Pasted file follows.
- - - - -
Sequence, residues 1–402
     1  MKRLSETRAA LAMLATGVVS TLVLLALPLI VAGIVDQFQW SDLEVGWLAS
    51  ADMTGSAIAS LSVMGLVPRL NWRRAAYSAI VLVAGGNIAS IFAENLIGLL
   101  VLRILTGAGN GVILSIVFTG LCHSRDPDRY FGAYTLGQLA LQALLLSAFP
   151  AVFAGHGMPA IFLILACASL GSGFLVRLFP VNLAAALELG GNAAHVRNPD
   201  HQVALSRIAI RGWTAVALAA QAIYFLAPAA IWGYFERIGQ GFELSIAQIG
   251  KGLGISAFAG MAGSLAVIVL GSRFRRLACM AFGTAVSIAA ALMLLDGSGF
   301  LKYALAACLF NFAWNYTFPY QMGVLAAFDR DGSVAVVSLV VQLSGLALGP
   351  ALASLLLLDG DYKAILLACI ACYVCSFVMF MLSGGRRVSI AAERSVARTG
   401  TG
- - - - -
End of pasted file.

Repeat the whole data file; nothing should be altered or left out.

Sequence, residues 1–402
     1  MKRLSETRAA LAMLATGVVS TLVLLALPLI VAGIVDQFQW SDLEVGWLAS
    51  ADMTGSAIAS LSVMGLVPRL NWRRAAYSAI VLVAGGNIAS IFAENLIGLL
   101  VLRILTGAGN GVILSIVFTG LCHSRDPDRY FGAYTLGQLA LQALLLSAFP
   151  AVFAGHGMPA IFLILACASL GSGFLVRLFP VNLAAALELG GNAAHVRNPD
   201  HQVALSRIAI RGWTAVALAA QAIYFLAPAA IWGYFERIGQ GFELSIAQIG
   251  KGLGISAFAG MAGSLAVIVL GSRFRRLACM AFGTAVSIAA ALMLLDGSGF
   301  LKYALAACLF NFAWNYTFPY QMGVLAAFDR DGSVAVVSLV VQLSGLALGP
   351  ALASLLLLDG DYKAILLACI ACYVCSFVMF MLSGGRRVSI AAERSVARTG
   401  TG